(Also, this relevant to nothing at all, but I related big time to the “Hashtag FOMO” episode — I party-chase so hard and it drives my friends/boyfriend nuts. I also gloat like crazy when we finally get to the winner-party: SEE!? Always follow me. Always.)
Season three is scheduled for release in 2016. YAAS QUEEEEN!
Season two of The Fall became available for streaming on Netflix in 2015 and I binge-watched the whole thing in less than a week. Gillian Anderson stars as Stella Gibson, a senior Metropolitan Police Detective who is tasked with tracking down a psychosexual serial killer who stalks, tortures, and murders young, professional, successful women in Ireland (the reasons for his choice of victim is a form of feminist commentary, itself — they are women he wants to take down a notch, as it were). I know, I know — yet another show about sadists murdering naked women?? I’m sick of it too, but this one’s different. Gibson’s quotables are thrilling, in and of themselves:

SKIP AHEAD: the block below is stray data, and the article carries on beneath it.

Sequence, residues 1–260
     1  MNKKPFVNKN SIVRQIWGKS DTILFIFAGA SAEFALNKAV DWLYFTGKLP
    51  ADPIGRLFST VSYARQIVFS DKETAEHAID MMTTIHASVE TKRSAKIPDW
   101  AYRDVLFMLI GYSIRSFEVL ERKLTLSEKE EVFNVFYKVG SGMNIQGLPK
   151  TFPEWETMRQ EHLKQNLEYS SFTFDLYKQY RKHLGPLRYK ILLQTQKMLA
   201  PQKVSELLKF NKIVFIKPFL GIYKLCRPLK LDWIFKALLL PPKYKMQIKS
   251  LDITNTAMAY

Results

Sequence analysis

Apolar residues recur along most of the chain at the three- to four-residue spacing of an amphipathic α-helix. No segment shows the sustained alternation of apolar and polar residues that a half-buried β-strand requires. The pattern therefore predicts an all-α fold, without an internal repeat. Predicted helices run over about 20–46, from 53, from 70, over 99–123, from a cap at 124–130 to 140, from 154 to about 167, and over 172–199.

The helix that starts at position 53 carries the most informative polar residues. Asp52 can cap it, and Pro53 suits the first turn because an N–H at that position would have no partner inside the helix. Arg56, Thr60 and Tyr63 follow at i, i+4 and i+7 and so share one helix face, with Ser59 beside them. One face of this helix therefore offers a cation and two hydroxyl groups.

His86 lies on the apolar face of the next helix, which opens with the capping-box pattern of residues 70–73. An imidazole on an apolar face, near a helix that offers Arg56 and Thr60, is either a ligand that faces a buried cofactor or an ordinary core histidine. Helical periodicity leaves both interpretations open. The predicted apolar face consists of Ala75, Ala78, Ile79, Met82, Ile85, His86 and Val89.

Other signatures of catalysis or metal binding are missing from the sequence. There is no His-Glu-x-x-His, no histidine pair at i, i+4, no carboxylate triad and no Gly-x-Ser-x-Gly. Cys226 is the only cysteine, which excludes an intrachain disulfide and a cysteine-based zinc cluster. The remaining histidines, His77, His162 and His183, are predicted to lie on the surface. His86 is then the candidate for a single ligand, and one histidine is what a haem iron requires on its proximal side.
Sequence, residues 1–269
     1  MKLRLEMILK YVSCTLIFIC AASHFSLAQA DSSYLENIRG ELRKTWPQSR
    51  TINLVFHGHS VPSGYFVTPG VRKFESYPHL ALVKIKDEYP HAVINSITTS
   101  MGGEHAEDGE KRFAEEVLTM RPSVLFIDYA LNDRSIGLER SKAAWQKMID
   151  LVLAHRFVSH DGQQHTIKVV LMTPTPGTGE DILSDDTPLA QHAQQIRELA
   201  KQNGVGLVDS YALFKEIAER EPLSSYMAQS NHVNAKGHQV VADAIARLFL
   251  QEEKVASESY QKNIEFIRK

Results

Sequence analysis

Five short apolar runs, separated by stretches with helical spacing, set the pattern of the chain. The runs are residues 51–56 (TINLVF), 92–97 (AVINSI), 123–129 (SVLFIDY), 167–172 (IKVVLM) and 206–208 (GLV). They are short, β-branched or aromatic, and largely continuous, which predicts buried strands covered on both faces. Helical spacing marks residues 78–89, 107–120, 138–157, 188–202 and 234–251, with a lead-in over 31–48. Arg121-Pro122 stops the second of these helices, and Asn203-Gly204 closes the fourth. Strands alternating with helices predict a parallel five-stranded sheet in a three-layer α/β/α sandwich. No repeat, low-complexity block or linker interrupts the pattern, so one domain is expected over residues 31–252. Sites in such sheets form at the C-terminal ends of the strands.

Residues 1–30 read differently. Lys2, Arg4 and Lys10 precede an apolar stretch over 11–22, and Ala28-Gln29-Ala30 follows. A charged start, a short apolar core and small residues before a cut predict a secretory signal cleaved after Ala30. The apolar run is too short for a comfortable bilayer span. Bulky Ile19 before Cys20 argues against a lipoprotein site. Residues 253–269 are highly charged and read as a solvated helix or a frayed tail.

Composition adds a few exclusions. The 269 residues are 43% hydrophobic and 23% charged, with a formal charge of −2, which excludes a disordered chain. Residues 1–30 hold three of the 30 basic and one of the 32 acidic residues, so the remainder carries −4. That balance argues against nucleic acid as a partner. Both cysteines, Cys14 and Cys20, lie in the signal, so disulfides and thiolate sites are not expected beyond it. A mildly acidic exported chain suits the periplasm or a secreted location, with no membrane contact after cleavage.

“The basic human form is female. Maleness is a kind of birth defect.”
When a constable wants a press release to use the word “innocent” to describe the killer’s victims, she says:
“Let’s not refer to them as innocent… What if he kills a prostitute next or a woman walking home drunk, late at night, in a short skirt? Will they be in some way less innocent, therefore less deserving? Culpable? The media loves to divide women into virgins and vamps, angels or whores. Let’s not encourage them.”
Gibson is subjected to the kind of sexism expected from the male-dominated world of law enforcement but doesn’t let any of it slide. In one scene, she responds to a detective who tries to shame her for having a one-night stand with a cop (Gibson wasn’t looking for love, just sex) by saying:
“Man fucks woman. Subject: man; verb: fucks; object: woman. That’s OK. Woman fucks man. Woman: subject; man: object. That’s not so comfortable for you, is it?”